However city staff (then-under now-exited Development Services Director Amy Bodek) said that regardless of the Planning Commission recommendation, city staff planned to advance the maps the City Council for an October 2017 decision since a hearing date had already been set (by someone she didn't identify). The resulting public uproar caused Mayor Robert Garcia to cancel the October 2017 planned Council hearing and call for more public input, in response to which city staff scheduled public "workshops" on the LUE...but staff's "workshops" used a format that didn't allow "Town Hall" style public testimony.

That prompted a CONO "room revolt" (led by CONO's Robert Fox) at the first workshop at Wrigley's Veterans Park (Sept. 30, 2017), after which city staff agreed to allow "Town Hall" type public testimony at three remaining meetings. The "Town Hall" meetings drew crowds of several hundred people to ELB's Whaley Park, the SE LB Golden Sails Hotel and Scherer Park (8th dist) and city staff pared down its desired density increases in November. The Planning Commission held a December 2017 meeting and, with another large public turnout opposed to density increases, recommended further density decreases in some areas, setting the stage for the Council's March 6 voted actions.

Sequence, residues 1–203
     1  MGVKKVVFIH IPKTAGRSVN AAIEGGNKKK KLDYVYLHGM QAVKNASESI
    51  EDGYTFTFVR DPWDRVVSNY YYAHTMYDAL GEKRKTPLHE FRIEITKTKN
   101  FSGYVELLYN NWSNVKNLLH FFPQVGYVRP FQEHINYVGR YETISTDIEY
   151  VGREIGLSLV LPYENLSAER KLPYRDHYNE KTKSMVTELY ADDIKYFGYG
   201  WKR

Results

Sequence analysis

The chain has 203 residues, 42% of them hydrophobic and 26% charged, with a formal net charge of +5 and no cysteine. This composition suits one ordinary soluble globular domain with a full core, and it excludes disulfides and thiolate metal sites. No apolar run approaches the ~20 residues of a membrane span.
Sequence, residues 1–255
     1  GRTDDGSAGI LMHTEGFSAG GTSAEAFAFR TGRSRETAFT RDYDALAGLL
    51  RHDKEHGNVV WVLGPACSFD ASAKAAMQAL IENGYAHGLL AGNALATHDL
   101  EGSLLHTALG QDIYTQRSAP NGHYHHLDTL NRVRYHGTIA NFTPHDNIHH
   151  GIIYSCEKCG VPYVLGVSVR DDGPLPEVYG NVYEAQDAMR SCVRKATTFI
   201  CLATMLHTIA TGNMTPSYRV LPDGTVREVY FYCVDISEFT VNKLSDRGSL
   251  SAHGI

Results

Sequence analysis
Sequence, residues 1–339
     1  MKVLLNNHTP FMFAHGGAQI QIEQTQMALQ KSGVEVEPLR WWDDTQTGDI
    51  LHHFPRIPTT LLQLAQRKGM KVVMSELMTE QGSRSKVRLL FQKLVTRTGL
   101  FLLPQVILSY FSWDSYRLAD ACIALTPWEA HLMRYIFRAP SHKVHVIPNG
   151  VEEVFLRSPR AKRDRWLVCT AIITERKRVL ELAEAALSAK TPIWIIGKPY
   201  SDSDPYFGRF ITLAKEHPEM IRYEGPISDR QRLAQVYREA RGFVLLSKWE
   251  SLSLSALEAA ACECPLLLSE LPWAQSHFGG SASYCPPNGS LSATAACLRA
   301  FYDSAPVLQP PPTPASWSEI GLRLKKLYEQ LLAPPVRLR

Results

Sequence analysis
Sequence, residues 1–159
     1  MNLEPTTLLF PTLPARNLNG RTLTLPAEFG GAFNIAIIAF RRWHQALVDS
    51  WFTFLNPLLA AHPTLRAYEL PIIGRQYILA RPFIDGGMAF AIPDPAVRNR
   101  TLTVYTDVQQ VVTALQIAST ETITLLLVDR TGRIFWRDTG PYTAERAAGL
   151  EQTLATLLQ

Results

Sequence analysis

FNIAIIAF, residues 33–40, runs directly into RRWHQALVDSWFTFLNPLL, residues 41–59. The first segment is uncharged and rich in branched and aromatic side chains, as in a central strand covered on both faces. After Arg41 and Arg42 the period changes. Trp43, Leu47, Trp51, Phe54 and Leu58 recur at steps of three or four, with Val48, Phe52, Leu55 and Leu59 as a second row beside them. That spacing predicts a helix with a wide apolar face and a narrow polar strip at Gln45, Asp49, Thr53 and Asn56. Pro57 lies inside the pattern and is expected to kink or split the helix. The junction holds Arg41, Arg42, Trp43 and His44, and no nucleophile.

In the interim, on January 11, 2018, CONO leader Robert Fox completed paperwork to run for Mayor but a day later on the deadline filing date (Jan. 12), Mr. Fox declined to file the paperwork after a meeting with Mayor Robert Garcia. After the meeting, Fox announced [rough paraphrase] that Mayor Garcia had agreed to hold private meetings with residents in each Council district on the LUE and also agreed to oppose rent control. The Mayor issued a statement opposing rent control and the Mayor's office proceeded to organize, with Fox's assistance, privately conducted roundtable discussions with the Mayor and city staff prior to which each district's Councilmember was invited. [Roughly a dozen to two dozen invited residents were present at each roundtable.]